As Northern Ireland heads into an Assembly election that is surrounded by uncertainty and division, it may be informative to look back to the Assembly’s earliest days, when optimism and hopes for a new beginning were high. In my new book, I do just that.
It is November 1999 and Dr Ian Paisley – despite being an outspoken critic and opponent of the Belfast/Good Friday Agreement – nominates himself to be Chairman of the Northern Ireland Assembly’s new Committee for Agriculture and Rural Development.
Dr Paisley is a very experienced public representative, but his challenge now is to introduce and operate Westminster-style ministerial accountability in a brand-new political setting. To succeed, he must give leadership and exercise influence well beyond his usual constituency, working with both allies (including his son, Ian Junior) and bitter enemies to agree coherent policy positions on often complex multi-sectoral issues.
Will Dr Paisley be a fair and inclusive advocate for all members of the committee? Can he work constructively with the SDLP minister and her officials – be a statesman even – or will he live down to some people’s expectations as a divisive and bigoted figure?
This book is the inside story of his 3-year tenure as Chair as seen through the eyes of an Assembly official (me) whom Dr Paisley comes to refer to as ‘Mister Clerk’. In it, I share my unique, behind-the-scenes, perspective of the Committee’s work, which is set against a backdrop of multiple crises, major events, internal wrangling and political point-scoring – some of which have clear parallels with present-day politics in Northern Ireland.
There are serious, and some lighter, moments described in the book, as many sides of Dr Paisley’s character come into play. The short extract below gives a little taste of one of those moments.
It takes place in December 2001 when I accompanied Dr Paisley, George Savage and PJ Bradley to Strasbourg. They had formed a Committee delegation to meet with the EU Fisheries Commissioner, Franz Fischler, in support of Northern Ireland’s fishermen ahead of the December Fisheries Council. Our hotel was just across the border in Baden Baden, Germany.
Bright and early the next morning, I made my way down to the restaurant for breakfast. Dr Paisley had already been shown to a table for the four of us and had just sat down. Breakfast was served at the table, rather than buffet-style, and the nice waitress greeted us with a very friendly “Good morning” and asked us what we would like to order.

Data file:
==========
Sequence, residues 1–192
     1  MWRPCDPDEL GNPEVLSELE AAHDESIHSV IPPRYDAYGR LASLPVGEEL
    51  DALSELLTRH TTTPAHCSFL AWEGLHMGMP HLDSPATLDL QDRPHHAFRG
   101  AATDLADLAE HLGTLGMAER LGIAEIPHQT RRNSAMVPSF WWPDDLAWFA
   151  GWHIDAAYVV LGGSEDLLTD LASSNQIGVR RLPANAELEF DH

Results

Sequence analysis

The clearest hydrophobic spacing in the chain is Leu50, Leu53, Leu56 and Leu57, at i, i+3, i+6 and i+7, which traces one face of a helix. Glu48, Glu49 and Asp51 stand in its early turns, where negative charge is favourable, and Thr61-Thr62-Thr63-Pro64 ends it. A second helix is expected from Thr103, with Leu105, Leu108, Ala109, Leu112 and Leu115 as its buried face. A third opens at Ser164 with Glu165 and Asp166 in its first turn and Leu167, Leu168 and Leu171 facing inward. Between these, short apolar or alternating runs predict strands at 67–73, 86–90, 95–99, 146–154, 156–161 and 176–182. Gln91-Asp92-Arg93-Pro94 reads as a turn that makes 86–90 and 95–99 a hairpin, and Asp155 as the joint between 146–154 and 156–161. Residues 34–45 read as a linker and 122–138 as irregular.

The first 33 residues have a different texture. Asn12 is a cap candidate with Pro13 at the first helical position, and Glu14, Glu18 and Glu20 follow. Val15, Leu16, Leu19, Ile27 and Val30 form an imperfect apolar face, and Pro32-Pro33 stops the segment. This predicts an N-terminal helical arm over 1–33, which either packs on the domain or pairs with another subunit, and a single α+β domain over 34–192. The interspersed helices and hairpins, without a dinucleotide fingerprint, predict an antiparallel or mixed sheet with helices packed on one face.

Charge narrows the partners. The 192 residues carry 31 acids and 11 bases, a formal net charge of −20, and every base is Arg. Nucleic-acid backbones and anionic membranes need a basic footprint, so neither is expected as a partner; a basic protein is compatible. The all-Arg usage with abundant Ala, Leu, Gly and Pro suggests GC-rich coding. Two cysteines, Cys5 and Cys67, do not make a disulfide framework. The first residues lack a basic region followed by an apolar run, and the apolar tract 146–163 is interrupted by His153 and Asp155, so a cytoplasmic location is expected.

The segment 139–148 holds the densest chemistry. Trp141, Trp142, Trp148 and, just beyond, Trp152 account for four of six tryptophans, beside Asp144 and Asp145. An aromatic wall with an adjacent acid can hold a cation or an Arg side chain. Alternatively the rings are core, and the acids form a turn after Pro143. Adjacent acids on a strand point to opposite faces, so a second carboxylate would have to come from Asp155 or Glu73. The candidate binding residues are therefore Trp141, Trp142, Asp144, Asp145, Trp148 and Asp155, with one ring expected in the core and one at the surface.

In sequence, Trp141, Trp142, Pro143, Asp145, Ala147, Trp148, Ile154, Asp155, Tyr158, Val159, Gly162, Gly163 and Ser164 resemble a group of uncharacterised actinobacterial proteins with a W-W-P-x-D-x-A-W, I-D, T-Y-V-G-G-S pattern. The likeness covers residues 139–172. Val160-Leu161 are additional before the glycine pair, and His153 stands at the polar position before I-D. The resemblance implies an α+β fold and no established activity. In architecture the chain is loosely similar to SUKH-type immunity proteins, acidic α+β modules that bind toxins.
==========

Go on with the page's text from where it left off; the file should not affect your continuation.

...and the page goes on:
Ignoring the printed menu, Dr Paisley roared “I’ll have a bowl of porridge, dear!” In her slightly accented English, the waitress replied that she was sorry but that the hotel had no porridge. “No porridge? That’s why you’re such a weak country” bellowed Dr Paisley, as heads turned throughout the breakfast room. I thought he was joking. Of course he was joking. Wasn’t he? What next? Would he actually mention the war?
He let out a big guffaw, the waitress smiled, and I let out a very big sigh of relief that a major diplomatic incident with ‘the Germans’ had been avoided. We duly ordered cooked breakfasts from the menu and the waitress scurried off to let the kitchen know.
“I’ll have some tea, please, Paul” said the big man next. I was taken aback, not at the tea delivery expectation, which was by now something of a team in-joke, but by him remembering and using my name. This didn’t happen often, and never in front of other members, when “Mister Clerk” was the norm. I supposed he felt he couldn’t call me “dear”.
So, I may have been slightly distracted as I went to the tea station, took a teabag from its packaging, placed it in a very nice little teapot and poured in the hot water from the still. I was having black coffee, as was my wont, and brought both back to the table. Dr Paisley allowed his pot to brew for a while, then poured the tea into his white cup, where its bright red colour stood out, and a very fruity berried aroma filled the air. Whoops!
“Whaaaat? I’ll not be drinking that, Mister Clerk” roared Dr Paisley. “Indeed not, Chairman, for that is not tea at all” said I, and I scuttled off to find another teapot and a proper English breakfast tea to put in it this time. If my Clerking capabilities were being judged on my tea-making, I’m afraid I’d just lost a lot of Clerking points in the Chairman’s eyes, and he took great comedic pleasure in regaling George and PJ with the story of my heinous crime, as they arrived (separately) at the table.
I maintain that the period covered in this book was an important piece of our political history, in that it marked the start of Dr Paisley’s somewhat surprising evolution from being the outside-the-tent firebrand minister of “Never” to his ultimate establishment role as Northern Ireland’s First Minister.
Might this past transformation suggest there is still hope for the Assembly’s future? Politics can sometimes surprise us all.
Paul Moore is the author of ‘Doctor Paisley and Mister Clerk – Recollections of Ian Paisley’s Agriculture Committee Years’. It is available from Amazon.
This is a guest slot to give a platform for new writers either as a one off, or a prelude to becoming part of the regular Slugger team.